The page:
Can thoroughbreds be skinny? - Page 3

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Can thoroughbreds be skinny?

This is a discussion on Can thoroughbreds be skinny? within the Horse Breeds forums, part of the Horse Breeds, Breeding, and Genetics category

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        06-26-2011, 05:30 PM
    What don't you agree with ? Do you want a underfed horse that's malnourished and unable to perform at its best ? Guess I don't understand what you are eluding to. By the way how is Acworth, lived there for many years.
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        06-26-2011, 05:33 PM
    Originally Posted by Speed Racer    
    Oh, and if you're hoping to get into veterinary medicine, you really need to up your game concerning your spelling and grammar. They're both atrocious.
    Bahaha. Thank you!
        06-26-2011, 05:36 PM
    I'm disagreeing with the original post, hadn't read the remaining comments yet! I'd quote it if I were referring to a comment! :) Sorry for the misunderstanding!!!

    And it's good! Boarding is too expensive out here though haha.
        06-26-2011, 05:49 PM
    I hear there is a 2 acre per horse law there now, boarding 400 a month ? I couldn't afford either, I have 10 horses of all breeds never be able to afford all that money. I'm sorry too, thought you were digging at me. I've had horses since I was about 17 yrs old, have seen some pittiful things, and hate to see underweight horses. I take all precautions to keep mine at healthy weights and work extremely close with my vet to make sure they are healthy. I live on an island in Alaska and have no local vet, I have to fly mine up from MO, so , attentivness to them is of utmost importance.
        06-26-2011, 05:50 PM
    Originally Posted by Spyder    
    I am watching the Queen's Plate on right now and NOT ONE of them looks skinny.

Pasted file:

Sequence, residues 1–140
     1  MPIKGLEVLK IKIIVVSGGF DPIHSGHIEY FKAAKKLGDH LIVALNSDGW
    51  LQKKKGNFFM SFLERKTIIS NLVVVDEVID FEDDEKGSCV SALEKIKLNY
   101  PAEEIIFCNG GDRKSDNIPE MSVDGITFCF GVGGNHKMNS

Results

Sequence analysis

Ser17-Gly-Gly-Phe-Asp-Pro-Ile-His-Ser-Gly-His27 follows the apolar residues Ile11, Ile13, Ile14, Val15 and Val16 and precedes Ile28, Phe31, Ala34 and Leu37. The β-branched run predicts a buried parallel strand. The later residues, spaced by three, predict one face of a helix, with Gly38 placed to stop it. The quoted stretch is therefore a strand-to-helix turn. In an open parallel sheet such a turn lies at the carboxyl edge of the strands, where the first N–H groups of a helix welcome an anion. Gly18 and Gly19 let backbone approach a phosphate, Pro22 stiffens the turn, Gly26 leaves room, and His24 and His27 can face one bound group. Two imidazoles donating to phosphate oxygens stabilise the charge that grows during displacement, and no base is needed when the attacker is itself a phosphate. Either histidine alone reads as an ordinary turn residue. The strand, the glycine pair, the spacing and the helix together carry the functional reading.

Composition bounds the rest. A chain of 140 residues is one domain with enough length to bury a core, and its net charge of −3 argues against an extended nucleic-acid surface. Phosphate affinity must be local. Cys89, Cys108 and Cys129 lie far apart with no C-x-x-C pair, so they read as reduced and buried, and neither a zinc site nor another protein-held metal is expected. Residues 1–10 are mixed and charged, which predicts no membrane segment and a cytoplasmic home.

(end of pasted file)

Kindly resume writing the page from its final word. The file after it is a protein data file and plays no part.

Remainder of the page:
And these are race ready thoroughbreds.
    It is ladies day today.

    Inglorious a filly beat all the boys !!!!!!!!!!!

    Yeah for the girls !!
        06-26-2011, 05:51 PM
    I don't agree with you at all, it's just the same argument as when people say that horses are thin because they are old.

    Here is my TB when he was straight off the track - race fit, no rib showing.

    If you are seeing ribs, you are doing something wrong.
        06-26-2011, 05:53 PM
    Seeing as you want to be a vet, these might come in handy...
    The Henneke System of Body Condition Scoring - Kentucky Horse Council

    Note that your contention that TB's should be skinny is of course wrong, as you have been told TB's should be in a 4 to 6 condition - rarely, though do you actually see a 4 or 6 on the track - although you might on some rinkydink local county track.

    Pictures can be deceiving, but your stud appears to be a 3 or maybe 3.5 in that picture. If that is the case he is underweight.

    By the way, most responsible breeders keep their breeding stallions from 5.5 - is generally wise to keep breeding stock, both stallions and mares, in a moderate to moderately fleshy condition...
        06-26-2011, 05:54 PM
    I agree, no ribs is a good thing. Up those rations. Not all TB are hard keepers, but most need lots of food, especially working TB or any horse as far as that goes.
        06-26-2011, 06:00 PM
    I have some pictures of Secretariat during his breeding career that a boyfriend at the time took for me when he and his colleagues were visiting the breeding farm where he was standing.

    He was a CHUNKY butt, so if you're holding Secretariat up as an example of breeding fitness you need to have seen him during his peak breeding years. Even at racing fit, he certainly wasn't skinny like that horse in your bad photoshopped pictures.

    I'll be more than happy to scan and post them tomorrow, if anyone wants to see what the great Secretariat looked like in his later years as a breeding stallion. They're some of my most prized possessions.
        06-26-2011, 06:03 PM
    I found an article for horses in general, not just thoroughbreds, although it does mention secretariet.

    Horse Weight Watchers

    Everyone freaking out over a little rib never sounded right to me. Go back and look at her pictures. That horse does not scream unhealthy, he looks skinnier than ideal in ONE PICTURE. For crying out loud, I swear you people argue for the sake of arguing sometimes.

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